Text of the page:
Red flags in termite report

Know which items must be repaired before selling

By Inman News Feed
Add Comment Add Comment | Comments: 0 | Posted Jul. 20, 2011

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An experienced inspector develops a sixth sense for problem areas. Kevin once represented the seller of a house in San Leandro, Calif. It was immaculate. The seller was proud of repairing the cripple walls and mudsills visible in the basement.

The work was new and well done. But the house had a flat roof with parapet walls. The inspector knew from experience these homes had problems in the walls because the roof was prone to leak. Sure enough, two of the four parapet walls were riddled with dry rot.

The homeowner often can do some of the work but should talk to the inspector first to verify what he or she will clear.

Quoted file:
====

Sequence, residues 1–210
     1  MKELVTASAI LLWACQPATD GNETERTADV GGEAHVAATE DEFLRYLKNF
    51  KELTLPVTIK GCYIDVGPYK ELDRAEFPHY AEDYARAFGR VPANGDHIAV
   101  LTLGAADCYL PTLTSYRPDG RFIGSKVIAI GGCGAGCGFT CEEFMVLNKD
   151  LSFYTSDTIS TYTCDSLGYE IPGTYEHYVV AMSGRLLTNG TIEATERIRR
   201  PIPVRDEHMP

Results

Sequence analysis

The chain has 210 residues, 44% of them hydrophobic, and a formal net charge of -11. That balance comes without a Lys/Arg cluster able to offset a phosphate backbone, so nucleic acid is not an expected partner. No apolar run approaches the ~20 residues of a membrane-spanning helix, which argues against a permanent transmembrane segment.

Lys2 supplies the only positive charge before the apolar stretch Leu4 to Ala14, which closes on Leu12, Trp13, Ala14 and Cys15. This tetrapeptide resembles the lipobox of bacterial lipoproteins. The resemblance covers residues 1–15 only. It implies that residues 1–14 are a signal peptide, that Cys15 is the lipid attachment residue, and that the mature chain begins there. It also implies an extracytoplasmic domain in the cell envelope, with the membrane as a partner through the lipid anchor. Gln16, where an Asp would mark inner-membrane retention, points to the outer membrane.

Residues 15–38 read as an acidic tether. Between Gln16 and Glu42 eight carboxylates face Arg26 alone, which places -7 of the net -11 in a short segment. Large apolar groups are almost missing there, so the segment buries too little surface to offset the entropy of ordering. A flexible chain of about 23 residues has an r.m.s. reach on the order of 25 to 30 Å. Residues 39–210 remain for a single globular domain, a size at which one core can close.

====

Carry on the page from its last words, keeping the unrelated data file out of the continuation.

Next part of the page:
For example, to repair the rafter tails mentioned above the bid was to chisel away the damaged wood, fill with plastic wood filler (Bondo works great), then prime and paint. Anyone reasonably handy can do this.

Some of the work can be hired out, but don't use a handyman -- too much liability. While it's true that normally any work valued at less than $500 does not require a contractor license, California's Business and Professional Code prohibits unlicensed people from working on a house to be sold.

Use a licensed, bonded and insured contractor, and ask him or her to coordinate with the termite inspector to make sure the scope of the work is understood.

There will be a reinspection fee by the termite company if others do the work. In the case of the Hayward report discussed above, the reinspection fee is $150.

It's reasonable in this instance for the company to waive the reinspection fee if the homeowner does part of the work under the inspector's guidance and the termite company does the rest.

The bottom line: Be an informed consumer. Ask questions and press to understand the process.

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